Stories » Music IS. A set of richly detailed originals that reflect Bill Frisell's boundary-breaking approach / Financial Times

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Music IS. A set of richly detailed originals that reflect Bill Frisell's boundary-breaking approach / Financial Times

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Bill Frisell has been condensing a wealth of Americana into a precise, slightly otherworldly and utterly original musical universe for more than 30 years. His latest release, a set of richly detailed originals for solo guitar, combines country strolls, angular modern jazz and love of texture into a defining statement that reflects his boundary-breaking approach.

Music IS spans the four decades of the American's recording career, beginning with "In Line", the title track of his 1983 debut on ECM, to "Change in the Air", written for a forthcoming movie of the same name. But with each piece freshly reimagined, and four new compositions in the mix, the album looks more to the future than the past.

It opens with the country melody of "Pretty Stars" twinkling gently over harmonised runs and answering bass and continues with the playfully acerbic, Monk-like blues "Winslow Homer", originally a commission for the Jazz at Lincoln Center Orchestra. "Ron Carter" is a brooding standout of strums vibrating in space; "Think About It" a concise burst of gritty power-chord rock.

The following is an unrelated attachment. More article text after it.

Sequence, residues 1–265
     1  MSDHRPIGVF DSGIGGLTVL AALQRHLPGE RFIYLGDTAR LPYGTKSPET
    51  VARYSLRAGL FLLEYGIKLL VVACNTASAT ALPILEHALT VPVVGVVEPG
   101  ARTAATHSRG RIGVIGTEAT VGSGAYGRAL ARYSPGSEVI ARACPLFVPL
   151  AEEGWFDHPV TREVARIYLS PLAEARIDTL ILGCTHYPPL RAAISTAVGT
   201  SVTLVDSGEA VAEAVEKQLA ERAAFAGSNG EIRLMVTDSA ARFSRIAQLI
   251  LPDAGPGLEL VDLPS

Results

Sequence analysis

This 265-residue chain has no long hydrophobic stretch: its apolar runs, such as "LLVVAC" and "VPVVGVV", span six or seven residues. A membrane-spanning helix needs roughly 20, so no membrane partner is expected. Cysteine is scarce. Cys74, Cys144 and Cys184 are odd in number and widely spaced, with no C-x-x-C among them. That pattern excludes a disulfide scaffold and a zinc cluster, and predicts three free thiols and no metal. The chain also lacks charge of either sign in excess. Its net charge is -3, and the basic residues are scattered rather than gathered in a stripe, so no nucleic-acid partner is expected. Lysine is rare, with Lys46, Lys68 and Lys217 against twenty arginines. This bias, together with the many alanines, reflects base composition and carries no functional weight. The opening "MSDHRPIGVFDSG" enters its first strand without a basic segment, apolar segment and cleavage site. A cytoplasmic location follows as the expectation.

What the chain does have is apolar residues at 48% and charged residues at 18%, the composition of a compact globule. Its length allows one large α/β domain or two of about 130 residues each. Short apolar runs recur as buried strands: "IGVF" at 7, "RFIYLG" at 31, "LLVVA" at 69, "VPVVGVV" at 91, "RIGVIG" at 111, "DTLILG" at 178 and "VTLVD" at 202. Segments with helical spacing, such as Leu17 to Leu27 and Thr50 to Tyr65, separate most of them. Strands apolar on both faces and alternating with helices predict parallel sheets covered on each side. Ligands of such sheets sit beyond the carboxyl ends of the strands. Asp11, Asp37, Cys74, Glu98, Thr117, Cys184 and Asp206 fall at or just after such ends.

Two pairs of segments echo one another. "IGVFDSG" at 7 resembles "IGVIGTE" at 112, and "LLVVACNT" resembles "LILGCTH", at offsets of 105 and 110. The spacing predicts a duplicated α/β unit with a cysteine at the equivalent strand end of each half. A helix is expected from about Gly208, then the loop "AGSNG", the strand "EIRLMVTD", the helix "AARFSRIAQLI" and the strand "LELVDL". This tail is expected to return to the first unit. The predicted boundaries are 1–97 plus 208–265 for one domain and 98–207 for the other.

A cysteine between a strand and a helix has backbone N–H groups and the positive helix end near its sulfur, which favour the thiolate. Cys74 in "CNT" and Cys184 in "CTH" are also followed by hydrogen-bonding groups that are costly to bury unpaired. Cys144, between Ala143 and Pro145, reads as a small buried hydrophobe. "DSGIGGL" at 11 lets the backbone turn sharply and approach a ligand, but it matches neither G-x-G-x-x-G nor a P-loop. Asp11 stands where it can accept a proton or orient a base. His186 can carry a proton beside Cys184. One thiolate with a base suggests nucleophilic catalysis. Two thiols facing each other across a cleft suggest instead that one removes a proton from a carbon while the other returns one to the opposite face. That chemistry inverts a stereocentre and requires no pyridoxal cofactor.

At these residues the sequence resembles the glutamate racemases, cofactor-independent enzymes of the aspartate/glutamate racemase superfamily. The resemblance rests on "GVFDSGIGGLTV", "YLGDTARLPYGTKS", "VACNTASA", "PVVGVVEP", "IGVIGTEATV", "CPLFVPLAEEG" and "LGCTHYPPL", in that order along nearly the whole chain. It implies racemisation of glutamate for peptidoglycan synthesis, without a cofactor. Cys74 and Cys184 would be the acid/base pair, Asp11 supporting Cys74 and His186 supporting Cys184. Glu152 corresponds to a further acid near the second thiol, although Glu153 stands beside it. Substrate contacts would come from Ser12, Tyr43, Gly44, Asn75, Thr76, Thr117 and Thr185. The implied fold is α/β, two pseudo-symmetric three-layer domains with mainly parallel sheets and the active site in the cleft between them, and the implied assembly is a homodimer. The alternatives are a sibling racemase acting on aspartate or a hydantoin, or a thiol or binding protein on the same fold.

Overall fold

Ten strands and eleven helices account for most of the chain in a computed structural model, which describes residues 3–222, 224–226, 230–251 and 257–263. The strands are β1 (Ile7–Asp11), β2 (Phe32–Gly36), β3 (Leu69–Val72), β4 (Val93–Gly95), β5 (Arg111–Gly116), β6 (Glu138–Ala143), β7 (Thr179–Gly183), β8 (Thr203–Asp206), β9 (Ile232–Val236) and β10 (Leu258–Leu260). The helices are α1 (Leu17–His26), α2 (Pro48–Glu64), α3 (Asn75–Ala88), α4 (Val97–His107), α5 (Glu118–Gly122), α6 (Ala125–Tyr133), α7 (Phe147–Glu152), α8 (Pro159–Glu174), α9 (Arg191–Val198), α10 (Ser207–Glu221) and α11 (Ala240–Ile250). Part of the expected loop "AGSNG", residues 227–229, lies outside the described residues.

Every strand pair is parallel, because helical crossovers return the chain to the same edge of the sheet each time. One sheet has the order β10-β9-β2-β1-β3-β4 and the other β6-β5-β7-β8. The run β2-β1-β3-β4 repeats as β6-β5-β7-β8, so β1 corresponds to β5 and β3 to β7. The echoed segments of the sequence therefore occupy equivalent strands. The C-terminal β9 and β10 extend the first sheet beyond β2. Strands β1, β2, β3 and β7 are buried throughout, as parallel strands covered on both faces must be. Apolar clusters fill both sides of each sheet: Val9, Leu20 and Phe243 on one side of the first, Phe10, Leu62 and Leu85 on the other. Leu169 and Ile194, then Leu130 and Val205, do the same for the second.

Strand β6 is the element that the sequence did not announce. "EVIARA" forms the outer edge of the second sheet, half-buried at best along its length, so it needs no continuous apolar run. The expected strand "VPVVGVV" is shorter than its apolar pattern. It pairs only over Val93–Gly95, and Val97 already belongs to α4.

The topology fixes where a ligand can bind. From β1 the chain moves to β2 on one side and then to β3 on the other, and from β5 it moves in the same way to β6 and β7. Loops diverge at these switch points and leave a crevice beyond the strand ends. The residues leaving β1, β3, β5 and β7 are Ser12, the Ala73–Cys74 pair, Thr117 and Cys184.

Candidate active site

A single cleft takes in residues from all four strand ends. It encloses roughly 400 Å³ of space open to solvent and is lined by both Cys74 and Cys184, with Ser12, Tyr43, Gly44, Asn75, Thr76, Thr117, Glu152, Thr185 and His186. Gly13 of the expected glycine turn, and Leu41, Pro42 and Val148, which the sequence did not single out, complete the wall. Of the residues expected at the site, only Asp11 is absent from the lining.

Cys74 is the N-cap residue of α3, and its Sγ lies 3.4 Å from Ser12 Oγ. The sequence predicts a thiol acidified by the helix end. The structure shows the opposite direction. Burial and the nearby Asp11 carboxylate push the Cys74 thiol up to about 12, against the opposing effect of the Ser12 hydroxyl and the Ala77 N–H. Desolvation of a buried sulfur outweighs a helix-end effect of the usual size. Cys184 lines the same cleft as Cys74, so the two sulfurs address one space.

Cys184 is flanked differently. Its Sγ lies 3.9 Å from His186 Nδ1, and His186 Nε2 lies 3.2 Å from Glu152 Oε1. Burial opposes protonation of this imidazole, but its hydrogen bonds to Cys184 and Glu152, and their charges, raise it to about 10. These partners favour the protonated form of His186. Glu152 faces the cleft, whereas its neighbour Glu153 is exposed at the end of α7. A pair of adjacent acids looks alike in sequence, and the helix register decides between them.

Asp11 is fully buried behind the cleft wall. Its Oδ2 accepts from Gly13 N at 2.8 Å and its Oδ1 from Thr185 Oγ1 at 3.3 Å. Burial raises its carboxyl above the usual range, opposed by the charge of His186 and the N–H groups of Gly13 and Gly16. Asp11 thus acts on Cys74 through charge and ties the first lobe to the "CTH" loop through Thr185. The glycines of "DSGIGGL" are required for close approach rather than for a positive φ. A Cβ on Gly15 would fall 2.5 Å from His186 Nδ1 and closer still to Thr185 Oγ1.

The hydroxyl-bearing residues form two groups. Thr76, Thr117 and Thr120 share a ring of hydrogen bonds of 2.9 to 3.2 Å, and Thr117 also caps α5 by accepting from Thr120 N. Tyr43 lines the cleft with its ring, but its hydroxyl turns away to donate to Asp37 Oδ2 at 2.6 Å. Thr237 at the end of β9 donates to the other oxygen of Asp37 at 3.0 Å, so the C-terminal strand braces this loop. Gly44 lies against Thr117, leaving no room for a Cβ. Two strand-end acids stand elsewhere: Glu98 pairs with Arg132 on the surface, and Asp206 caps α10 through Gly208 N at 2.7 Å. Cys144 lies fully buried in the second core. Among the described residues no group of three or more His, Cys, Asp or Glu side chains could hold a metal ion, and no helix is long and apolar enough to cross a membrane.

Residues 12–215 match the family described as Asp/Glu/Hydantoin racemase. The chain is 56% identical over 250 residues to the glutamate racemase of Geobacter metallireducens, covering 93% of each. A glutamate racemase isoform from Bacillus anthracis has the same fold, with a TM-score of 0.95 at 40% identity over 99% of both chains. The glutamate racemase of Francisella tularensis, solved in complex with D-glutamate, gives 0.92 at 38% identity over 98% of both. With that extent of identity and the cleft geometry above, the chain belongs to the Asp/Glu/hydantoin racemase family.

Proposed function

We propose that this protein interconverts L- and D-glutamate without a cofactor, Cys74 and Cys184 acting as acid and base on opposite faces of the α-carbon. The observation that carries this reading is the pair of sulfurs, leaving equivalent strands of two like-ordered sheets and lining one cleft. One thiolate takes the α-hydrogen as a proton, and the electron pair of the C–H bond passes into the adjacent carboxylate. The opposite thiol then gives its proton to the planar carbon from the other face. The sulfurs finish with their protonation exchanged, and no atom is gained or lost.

The sleeve lists Frisell playing electric and acoustic guitars, bass and ukulele as well as loops and music boxes for electronic effects, but not all tracks are overdubbed. "Rambler", from his second ECM release, is presented twice. The first version strides inquisitively through thickets of overdubs for more than six minutes; the second closes the album with an equally detailed reading for solo guitar that is half the length.

The new compositions present Frisell taking his concise minimalism to another level. The downward run of "Thankful" evolves into a full country band, "What Do You Want" gains an ominous wash of electronica, but the abstract pings and tipsy sense of time of "Go Happy Lucky" are conjured from solo guitar. But whether layered or unadorned, each track sounds equally fresh, a reflection, perhaps, of tunes being chosen in the moment and the album being mixed as the session went along.